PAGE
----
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James Quinn loses appeal against conviction for Gary Hutch murder

Lawyers for the Dubliner had sought to overturn his June 2018 conviction and prison sentence.

A view of the court building in Malaga.
A view of the court building in Malaga.
Image: PA Archive/PA Images

THE MAN AT the centre of the murder of Gary Hutch has lost his appeal against his murder conviction and 22-year jail sentence.

James Quinn (36) has been given the news in prison but is still waiting to see an English translation of the court ruling over his role in the assassination which sparked the brutal Kinahan/Hutch feud.

Lawyers for the Dubliner had sought to overturn his June 2018 conviction and prison sentence for the 24 September 2015 slaughter of Gerry ‘The Monk’ Hutch’s nephew with an appeal to a higher court.

He was convicted after a trial in Malaga of being the getaway driver and lookout and found guilty of murder as a “necessary participant”.

Prosecutors initially had accused him of being the masked gunman who shot Hutch from close range outside his Costa del Sol home.

Three appeal judges rejected every aspect of the Irishman’s lawyers’ claims he had been wrongly convicted.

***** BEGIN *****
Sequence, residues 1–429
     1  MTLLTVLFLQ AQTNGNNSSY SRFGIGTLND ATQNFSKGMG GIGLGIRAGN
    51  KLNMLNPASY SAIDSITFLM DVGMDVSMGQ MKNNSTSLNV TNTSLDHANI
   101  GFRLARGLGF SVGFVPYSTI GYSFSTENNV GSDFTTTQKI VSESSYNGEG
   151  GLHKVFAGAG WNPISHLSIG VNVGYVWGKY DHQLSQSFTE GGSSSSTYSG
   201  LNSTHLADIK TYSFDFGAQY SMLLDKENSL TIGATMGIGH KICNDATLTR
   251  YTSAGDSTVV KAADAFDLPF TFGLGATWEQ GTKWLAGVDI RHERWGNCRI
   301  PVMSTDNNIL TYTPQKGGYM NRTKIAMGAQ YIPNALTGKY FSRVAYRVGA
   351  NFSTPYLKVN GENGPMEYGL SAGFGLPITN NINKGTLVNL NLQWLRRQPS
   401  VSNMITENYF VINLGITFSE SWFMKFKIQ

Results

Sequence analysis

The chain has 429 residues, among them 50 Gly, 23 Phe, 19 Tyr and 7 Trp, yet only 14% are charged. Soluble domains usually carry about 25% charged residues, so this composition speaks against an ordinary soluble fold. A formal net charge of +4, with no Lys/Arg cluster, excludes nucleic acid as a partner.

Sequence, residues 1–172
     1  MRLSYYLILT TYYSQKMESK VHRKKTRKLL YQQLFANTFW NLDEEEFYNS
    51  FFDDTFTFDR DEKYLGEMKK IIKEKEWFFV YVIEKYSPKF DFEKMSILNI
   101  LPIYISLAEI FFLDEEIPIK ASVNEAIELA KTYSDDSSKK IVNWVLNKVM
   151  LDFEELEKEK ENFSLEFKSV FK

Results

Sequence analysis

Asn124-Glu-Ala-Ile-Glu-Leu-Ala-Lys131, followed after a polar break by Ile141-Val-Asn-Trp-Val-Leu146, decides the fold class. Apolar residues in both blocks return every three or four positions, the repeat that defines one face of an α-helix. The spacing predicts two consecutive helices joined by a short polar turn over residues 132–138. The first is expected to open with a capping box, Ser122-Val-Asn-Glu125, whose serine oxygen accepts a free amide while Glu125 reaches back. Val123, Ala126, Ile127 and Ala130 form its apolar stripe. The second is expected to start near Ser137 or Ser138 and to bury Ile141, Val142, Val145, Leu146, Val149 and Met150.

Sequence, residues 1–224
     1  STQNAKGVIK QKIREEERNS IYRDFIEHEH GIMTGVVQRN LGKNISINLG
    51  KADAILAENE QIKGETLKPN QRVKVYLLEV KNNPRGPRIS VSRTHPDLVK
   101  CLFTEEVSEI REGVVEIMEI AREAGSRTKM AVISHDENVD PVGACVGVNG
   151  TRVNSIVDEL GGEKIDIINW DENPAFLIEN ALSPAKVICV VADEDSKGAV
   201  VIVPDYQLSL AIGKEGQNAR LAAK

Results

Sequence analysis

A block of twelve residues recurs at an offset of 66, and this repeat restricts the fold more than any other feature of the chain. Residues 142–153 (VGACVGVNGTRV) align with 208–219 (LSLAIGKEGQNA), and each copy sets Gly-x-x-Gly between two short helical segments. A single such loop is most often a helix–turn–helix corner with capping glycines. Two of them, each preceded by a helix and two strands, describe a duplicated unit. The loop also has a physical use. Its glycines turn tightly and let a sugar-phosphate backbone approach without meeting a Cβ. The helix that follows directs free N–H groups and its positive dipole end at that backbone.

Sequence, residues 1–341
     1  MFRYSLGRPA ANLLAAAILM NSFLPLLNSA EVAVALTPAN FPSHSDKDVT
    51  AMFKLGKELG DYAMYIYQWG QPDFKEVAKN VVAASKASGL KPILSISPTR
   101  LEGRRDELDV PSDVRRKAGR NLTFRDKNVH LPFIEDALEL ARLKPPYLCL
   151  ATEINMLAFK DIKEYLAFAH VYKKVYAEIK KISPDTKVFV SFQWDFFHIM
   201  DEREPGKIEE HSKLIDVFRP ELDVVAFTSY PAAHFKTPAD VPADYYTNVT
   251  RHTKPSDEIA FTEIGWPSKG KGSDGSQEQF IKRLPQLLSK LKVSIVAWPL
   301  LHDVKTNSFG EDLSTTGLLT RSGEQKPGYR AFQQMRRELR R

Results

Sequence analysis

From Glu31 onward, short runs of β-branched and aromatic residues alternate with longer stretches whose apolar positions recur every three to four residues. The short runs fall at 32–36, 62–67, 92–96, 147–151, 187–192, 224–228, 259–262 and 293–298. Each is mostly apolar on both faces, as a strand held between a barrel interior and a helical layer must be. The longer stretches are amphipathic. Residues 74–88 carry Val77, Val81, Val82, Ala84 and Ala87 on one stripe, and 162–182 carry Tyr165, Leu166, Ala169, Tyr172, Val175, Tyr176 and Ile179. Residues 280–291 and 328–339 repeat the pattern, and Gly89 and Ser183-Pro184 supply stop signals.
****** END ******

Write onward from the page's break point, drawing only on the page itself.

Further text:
They described the police operation to catch Quinn, which included snatching his DNA from a water bottle and matching it to a sample found on his baseball cap in the getaway car, as “particularly brilliant”.

They rejected his defence lawyers’ claims the presence of the cap in the stolen getaway BMW was not enough to convict because bystanders had access to the abandoned vehicle after it was set on fire before police arrived.

And in a damning eight-page document they ruled Quinn’s role in Gary Hutch’s murder was “essential”.

Last gasp appeal

Quinn’s defence team is expected to make a last-gasp appeal to Spain’s Supreme Court once the convicted killer has read through an English translation of the Spanish-language document.

The appeal ruling, made by three judges at a court in the southern Spanish city of Granada, was made public this week.

Quinn’s lawyers had insisted there was not enough evidence to convict their client and he had been unfairly found guilty of aggravants included in the murder conviction which included the use of a disguise.

They also claimed in a secondary argument that even if he had been the lookout and getaway driver, his actions could be described as “complicity” but were not those of a “necessary participant”.

The appeal judges, led by Lorenzo Jesus del Rio Fernandez, ruled in a devastating put-down:

“It is more than reasonable in the present case to think that the modus operandi chosen to execute the murder had to come with maximum security conditions, as if it were a protocol of action decided by people who were experts in these sorts of situations.

Conscious there was CCTV in the place they had picked, they had to steal a car that would not be linked to the authors, they needed a disguise to avoid being recognised, they needed to make an immediate getaway afterwards and they also needed to destroy the vehicle by burning it to eliminate any evidence.